"The Missing Episode" from The Mary Sue Predicaments is not an example, as it never really existed. It was "made" both as a tie-in for the Cosmic Retcon crossover arc between IS and Peacemist and because every single extra showed up tired and emotional on the sole day of filming. However, the production numbers and DVD releases for Season One include a spot for the episode, and if you click on the episode title, a motionless image of a Snarling Lion slowly creeps into the screen.
Old Shame: Christopher Lee, the Second Inspector, is a mild example. While not actively disliking the show, he has always expressed bemusement at society's ongoing fascination with a "rather silly little" character he was hastily conscripted to play forty years ago, and that he took mostly because it offered a steady paycheck for a few years. He has joked that he's grateful to the extent that at least it has kept him from being typecast as "that chap who used to be Dracula."
Poorly Disguised Pilot: "Communialty Above the Atmosphere", which eventually led to the moderately successful series. Ironically, the resulting programme took so long to actually air, is so different in tone and focus, and makes such few and fleeting references to its originator, it's not generally included in the list of spin-offs above.
The Problem with Pen Island: In the early years of the World Wide Web, the inspectorspacetime.com URL was owned by Ukrainian marathoner Irina Nikolaevna Spector and used to host her pace time calculator programs. Ms. Spector finally sold the URL to BTV in 2009 when she added social networking features to her site. Adding the ability for users to post their own pace times, she then moved the "I.N. Spector's Pace Time" page to its current location at pacetimesexchange.com.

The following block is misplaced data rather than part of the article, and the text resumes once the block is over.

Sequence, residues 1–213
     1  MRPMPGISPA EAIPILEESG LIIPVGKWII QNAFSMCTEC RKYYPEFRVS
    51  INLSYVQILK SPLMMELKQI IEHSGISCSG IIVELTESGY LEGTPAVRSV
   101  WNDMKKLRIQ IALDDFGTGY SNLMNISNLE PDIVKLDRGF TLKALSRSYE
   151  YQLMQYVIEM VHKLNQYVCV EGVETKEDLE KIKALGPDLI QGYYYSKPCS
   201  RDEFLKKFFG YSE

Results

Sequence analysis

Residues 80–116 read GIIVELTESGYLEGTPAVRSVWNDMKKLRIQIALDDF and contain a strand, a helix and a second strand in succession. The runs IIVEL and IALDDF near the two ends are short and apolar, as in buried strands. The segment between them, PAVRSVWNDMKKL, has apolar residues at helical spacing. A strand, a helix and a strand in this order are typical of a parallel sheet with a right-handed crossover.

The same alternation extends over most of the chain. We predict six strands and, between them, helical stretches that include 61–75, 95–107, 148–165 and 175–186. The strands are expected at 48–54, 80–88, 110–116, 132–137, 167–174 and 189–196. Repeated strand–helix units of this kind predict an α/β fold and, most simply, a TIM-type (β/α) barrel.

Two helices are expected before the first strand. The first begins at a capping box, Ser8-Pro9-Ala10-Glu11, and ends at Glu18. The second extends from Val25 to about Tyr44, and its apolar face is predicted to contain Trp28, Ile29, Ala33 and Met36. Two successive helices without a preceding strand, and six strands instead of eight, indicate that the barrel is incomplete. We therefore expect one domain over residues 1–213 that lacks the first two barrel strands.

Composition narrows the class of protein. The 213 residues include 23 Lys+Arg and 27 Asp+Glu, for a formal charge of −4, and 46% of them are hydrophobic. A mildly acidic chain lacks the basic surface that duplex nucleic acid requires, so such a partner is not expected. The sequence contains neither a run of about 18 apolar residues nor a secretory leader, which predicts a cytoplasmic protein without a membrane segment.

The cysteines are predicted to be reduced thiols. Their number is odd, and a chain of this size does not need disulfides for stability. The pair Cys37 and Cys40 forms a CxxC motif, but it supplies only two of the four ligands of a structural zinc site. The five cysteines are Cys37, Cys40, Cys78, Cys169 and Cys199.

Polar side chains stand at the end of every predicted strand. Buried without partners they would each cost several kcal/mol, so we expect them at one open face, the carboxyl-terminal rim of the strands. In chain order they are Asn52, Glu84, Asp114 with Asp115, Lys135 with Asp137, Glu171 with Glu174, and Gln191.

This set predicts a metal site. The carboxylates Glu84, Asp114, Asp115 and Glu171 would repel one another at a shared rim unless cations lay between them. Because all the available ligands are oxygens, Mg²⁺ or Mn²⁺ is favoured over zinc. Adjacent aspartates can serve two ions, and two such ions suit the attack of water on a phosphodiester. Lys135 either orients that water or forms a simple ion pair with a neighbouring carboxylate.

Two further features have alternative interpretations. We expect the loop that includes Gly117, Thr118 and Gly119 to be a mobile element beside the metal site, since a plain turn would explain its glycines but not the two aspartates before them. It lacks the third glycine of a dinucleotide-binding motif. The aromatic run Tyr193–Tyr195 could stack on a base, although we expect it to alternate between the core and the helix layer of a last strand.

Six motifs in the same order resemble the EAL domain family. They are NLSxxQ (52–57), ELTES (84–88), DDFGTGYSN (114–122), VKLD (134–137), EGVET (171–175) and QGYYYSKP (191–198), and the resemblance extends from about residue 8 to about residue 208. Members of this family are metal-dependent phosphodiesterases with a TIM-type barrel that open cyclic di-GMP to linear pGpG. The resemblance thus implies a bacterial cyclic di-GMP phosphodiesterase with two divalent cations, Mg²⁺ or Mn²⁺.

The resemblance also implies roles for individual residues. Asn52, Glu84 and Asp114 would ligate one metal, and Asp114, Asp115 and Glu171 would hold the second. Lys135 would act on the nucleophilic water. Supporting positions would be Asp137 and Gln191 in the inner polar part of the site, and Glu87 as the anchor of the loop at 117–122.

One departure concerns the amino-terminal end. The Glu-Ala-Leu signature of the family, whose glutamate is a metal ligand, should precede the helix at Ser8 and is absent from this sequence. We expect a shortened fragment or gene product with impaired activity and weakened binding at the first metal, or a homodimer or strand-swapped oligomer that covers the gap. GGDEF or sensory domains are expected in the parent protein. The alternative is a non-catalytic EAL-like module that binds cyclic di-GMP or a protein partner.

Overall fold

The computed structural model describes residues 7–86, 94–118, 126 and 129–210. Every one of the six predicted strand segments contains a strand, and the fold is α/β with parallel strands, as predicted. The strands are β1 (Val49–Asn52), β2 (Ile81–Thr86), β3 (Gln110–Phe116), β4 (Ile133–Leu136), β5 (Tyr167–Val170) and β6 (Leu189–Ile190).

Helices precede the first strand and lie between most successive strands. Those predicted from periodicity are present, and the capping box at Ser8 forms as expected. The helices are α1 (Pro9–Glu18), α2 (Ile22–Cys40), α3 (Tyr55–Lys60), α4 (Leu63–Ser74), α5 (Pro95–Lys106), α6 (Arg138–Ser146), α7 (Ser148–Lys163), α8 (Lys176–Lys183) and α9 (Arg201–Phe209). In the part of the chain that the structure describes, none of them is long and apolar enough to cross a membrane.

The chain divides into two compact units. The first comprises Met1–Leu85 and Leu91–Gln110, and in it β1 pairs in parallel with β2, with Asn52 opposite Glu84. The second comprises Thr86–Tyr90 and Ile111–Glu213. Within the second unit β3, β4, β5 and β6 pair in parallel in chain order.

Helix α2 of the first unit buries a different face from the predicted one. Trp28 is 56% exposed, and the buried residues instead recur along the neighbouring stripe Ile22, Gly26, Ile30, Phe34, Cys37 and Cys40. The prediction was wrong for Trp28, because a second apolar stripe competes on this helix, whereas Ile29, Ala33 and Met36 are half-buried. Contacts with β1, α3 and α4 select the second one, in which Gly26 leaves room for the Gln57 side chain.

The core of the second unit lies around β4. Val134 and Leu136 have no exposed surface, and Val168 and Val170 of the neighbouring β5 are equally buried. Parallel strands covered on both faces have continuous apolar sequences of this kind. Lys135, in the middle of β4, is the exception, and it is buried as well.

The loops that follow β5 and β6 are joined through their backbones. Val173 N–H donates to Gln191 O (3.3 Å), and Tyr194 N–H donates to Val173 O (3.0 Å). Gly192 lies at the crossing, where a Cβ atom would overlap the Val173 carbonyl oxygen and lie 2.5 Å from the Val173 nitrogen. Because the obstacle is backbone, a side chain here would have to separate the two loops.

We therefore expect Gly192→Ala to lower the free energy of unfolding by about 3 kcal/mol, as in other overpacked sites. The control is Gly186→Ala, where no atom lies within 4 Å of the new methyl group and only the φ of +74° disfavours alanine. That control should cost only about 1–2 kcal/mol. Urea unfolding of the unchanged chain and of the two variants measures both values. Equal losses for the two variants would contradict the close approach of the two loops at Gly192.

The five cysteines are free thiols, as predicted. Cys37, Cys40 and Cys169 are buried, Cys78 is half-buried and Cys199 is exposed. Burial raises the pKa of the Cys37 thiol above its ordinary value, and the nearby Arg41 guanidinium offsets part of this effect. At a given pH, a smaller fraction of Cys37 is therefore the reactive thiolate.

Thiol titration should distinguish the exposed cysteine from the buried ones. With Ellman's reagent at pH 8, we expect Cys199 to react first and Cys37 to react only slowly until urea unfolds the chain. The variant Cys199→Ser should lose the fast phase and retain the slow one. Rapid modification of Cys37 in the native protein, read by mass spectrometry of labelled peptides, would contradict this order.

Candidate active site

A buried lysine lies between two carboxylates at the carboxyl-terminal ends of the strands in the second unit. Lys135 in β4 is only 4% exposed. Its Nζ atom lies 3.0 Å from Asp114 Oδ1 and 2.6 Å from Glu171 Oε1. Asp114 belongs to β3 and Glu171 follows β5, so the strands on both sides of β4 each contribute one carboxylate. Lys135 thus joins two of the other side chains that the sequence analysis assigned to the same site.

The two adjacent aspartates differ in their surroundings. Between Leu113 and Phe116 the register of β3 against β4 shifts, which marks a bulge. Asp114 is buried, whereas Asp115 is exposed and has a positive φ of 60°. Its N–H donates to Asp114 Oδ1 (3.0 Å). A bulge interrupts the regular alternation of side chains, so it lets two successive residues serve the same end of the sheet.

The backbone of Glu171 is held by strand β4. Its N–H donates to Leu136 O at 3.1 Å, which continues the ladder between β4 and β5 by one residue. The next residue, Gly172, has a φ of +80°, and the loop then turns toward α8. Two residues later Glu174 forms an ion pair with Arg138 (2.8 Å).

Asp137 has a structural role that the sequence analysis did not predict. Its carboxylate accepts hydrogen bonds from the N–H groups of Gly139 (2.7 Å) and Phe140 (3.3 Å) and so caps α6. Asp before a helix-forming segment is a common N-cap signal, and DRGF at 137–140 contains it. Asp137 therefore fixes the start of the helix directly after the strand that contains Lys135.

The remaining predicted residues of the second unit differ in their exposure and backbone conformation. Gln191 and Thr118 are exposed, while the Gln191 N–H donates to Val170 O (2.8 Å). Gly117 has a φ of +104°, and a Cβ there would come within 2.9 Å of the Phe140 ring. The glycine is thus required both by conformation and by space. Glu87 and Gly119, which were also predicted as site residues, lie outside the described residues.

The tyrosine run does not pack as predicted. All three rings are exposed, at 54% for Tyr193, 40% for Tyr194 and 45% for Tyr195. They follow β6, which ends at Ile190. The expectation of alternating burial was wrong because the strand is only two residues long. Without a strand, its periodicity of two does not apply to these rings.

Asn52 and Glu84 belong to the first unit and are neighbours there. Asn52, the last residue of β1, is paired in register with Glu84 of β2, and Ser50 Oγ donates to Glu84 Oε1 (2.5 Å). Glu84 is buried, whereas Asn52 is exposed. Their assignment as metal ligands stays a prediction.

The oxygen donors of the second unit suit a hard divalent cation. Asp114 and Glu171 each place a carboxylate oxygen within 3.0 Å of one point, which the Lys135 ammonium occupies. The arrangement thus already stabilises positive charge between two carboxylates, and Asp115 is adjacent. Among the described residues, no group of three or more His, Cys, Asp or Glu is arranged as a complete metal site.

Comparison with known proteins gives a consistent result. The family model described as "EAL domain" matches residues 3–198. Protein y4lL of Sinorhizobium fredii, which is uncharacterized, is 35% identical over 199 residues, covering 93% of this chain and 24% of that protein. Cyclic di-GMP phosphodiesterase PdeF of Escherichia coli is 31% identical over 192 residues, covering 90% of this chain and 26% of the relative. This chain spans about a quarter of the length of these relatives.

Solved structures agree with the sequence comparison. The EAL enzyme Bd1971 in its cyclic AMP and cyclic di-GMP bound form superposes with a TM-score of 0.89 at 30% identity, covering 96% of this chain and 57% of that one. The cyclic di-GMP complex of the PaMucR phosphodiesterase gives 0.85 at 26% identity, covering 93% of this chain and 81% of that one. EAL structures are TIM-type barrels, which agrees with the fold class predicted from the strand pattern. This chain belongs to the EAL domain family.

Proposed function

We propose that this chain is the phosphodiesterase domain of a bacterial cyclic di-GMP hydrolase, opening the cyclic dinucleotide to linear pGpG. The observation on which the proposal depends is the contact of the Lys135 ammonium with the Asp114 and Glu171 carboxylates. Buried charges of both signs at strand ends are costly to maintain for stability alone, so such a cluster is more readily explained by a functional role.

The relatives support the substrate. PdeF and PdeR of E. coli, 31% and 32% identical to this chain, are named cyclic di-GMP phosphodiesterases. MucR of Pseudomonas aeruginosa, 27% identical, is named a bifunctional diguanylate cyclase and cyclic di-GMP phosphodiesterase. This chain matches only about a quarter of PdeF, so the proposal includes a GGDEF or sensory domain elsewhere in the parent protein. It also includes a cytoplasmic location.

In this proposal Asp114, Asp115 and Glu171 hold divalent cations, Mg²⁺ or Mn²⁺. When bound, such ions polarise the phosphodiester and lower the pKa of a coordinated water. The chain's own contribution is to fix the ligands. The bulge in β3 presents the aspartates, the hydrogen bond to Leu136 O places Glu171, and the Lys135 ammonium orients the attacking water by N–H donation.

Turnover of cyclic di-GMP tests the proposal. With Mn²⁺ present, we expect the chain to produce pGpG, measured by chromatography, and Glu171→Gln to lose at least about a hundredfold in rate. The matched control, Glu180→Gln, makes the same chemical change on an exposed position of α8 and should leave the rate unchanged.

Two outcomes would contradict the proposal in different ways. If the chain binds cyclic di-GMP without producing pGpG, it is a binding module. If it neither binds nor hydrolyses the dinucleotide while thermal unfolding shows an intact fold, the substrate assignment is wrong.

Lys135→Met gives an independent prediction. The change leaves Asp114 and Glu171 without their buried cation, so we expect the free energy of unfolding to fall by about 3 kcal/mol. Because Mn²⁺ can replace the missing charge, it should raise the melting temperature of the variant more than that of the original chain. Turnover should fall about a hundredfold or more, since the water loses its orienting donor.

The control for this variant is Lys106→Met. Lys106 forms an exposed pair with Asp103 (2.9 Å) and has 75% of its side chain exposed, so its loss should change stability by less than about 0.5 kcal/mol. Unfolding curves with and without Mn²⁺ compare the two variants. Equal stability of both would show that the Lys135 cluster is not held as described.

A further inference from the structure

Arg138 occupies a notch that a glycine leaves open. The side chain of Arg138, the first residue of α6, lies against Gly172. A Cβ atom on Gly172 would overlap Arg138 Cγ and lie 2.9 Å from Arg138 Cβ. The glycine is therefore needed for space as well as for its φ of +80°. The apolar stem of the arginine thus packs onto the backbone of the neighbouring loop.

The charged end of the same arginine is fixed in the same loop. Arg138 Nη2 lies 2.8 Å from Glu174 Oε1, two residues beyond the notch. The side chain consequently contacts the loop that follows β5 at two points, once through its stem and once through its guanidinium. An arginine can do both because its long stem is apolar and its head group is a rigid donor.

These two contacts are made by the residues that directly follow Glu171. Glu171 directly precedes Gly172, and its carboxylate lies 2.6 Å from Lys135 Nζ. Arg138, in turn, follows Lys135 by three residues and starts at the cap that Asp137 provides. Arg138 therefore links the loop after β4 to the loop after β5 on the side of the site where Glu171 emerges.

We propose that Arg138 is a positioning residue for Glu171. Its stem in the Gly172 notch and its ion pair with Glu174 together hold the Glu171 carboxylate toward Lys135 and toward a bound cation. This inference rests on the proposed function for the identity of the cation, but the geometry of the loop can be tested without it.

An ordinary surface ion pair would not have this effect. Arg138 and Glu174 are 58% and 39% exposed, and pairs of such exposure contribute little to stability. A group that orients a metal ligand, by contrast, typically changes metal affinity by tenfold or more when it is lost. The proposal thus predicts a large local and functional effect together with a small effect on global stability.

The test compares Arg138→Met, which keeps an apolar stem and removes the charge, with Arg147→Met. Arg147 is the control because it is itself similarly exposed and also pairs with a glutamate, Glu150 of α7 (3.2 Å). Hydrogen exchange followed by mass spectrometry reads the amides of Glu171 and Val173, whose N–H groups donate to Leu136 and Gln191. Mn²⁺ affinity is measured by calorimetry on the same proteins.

Leslie French abruptly departed from the role as the First Inspector at the beginning of the fourth series after a dispute over typecasting with BTV.
Christopher Obi was credited under his screen name Daniel Landlord when he debuted as the Tenth Inspector but after finishing his tenure decided to revert to his given name to prevent being too closely associated with the role.
What Could Have Been: In the later seasons, new script editor Roger Giles decided that the Inspector was still 'too mysterious' and planned to reveal much of his background and personal information, including his family history, his exact age, his medical exam results, his favourite kind of filling, his name it's Chet, and his shoe-size. This became known as the "Giles Counter-Plot". The show's cancellation prevented this, thankfully, and much of the information that was planned to be revealed was made non-canonical by later Expanded Universe works, which means his name isn't Chet.
A lot of fans think that Richard Ayoade would have made a pretty awesome Ninth Inspector if not for Boogatron Media wanting a bigger name to restart the franchise.